BACKGROUND & AIMS - Helicobacter pylori eradication and endoscopic surveillance of gastric precancerous lesions are strategies to reduce gastric cancer (GC) risk. To our knowledge, this study is the longest prospective cohort of an H pylori eradication trial in a Hispanic population.
METHODS - A total of 800 adults with precancerous lesions were randomized to anti-H pylori treatment or placebo. Gastric biopsy samples taken at baseline and 3, 6, 12, 16, and 20 years were assessed by our Correa histopathology score. A generalized linear mixed model with a participant-level random intercept was used to estimate the effect of H pylori status on the score over time. Logistic regression models were used to estimate progression by baseline diagnosis and to estimate GC risk by intestinal metaplasia (IM) subtype and anatomic location.
RESULTS - Overall, 356 individuals completed 20 years of follow-up. Anti-H pylori therapy (intention-to-treat) reduced progression of the Correa score (odds ratio [OR], 0.59; 95% confidence interval [CI], 0.38-0.93). H pylori-negative status had a beneficial effect on the score over time (P = .036). Among individuals with IM (including indefinite for dysplasia) at baseline, incidence rates per 100 person-years were 1.09 (95% CI, 0.85-1.33) for low-grade/high-grade dysplasia and 0.14 (95% CI, 0.06-0.22) for GC. Incomplete-type (vs complete-type) IM at baseline presented higher GC risk (OR, 13.4; 95% CI, 1.8-103.8). Individuals with corpus (vs antrum-restricted) IM showed an OR of 2.1 (95% CI, 0.7-6.6) for GC.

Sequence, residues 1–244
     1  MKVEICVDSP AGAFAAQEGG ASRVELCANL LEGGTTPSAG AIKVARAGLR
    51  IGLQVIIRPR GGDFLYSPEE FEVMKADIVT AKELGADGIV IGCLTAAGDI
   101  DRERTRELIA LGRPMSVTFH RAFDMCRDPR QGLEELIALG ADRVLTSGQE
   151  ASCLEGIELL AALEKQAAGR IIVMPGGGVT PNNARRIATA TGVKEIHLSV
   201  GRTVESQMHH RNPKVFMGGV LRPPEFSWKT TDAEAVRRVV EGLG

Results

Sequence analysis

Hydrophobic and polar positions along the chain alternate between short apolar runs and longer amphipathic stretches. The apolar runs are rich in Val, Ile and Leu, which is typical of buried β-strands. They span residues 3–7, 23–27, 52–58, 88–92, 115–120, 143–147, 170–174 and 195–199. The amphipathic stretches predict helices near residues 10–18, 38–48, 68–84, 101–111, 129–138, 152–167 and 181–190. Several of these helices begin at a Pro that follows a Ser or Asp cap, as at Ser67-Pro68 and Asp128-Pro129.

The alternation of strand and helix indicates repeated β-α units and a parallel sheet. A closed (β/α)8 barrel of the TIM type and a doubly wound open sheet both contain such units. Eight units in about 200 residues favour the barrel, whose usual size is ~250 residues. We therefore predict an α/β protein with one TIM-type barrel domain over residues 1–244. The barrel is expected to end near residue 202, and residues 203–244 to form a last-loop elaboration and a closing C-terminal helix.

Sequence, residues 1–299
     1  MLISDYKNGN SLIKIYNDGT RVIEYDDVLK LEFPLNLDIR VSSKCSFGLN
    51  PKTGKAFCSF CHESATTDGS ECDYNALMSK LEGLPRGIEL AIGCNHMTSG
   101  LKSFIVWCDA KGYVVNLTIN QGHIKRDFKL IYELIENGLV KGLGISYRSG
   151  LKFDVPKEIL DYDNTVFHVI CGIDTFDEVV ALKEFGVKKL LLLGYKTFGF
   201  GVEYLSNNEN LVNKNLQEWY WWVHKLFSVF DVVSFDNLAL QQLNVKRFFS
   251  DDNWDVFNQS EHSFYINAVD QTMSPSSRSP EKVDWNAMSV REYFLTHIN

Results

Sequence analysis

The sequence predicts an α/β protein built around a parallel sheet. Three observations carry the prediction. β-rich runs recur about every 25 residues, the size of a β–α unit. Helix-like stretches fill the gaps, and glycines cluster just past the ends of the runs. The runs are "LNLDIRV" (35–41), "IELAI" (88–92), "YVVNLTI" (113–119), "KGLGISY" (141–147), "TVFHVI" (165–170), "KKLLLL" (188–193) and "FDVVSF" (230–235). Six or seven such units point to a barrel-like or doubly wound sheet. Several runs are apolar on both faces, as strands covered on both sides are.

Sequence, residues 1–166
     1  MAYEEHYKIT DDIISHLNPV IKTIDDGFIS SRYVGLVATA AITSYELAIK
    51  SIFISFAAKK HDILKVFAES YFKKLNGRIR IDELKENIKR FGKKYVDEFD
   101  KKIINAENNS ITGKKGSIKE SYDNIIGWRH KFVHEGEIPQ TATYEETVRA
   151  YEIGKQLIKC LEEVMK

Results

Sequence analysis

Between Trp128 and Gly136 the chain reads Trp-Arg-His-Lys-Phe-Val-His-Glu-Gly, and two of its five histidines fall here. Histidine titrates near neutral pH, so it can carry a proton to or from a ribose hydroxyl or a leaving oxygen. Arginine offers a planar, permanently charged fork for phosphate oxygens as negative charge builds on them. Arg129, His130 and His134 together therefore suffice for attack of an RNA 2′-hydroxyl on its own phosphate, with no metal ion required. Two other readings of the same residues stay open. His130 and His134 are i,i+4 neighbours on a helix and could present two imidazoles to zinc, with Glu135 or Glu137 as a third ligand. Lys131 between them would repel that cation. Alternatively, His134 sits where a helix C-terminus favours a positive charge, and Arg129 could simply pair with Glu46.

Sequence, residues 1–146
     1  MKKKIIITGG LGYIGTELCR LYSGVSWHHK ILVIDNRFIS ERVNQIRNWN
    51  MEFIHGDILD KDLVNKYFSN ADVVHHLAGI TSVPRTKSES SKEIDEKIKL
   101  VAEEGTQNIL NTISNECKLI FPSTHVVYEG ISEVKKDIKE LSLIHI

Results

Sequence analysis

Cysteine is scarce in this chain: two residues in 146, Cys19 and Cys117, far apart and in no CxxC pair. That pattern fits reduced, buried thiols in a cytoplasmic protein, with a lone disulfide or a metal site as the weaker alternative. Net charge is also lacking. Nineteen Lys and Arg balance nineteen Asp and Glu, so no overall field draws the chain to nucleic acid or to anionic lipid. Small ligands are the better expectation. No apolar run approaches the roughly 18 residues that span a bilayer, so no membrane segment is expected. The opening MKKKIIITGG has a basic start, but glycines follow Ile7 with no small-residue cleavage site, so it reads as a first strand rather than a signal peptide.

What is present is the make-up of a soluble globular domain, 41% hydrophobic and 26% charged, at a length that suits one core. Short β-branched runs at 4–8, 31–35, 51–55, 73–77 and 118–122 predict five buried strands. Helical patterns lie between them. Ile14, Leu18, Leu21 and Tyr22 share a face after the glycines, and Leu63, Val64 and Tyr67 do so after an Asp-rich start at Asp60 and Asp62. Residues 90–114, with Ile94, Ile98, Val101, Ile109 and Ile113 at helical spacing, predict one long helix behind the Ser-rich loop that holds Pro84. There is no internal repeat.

CONCLUSIONS - In a high-GC-risk Hispanic population, anti-H pylori therapy had a long-term beneficial effect against histologic progression. Incomplete IM is a strong predictor of GC risk.
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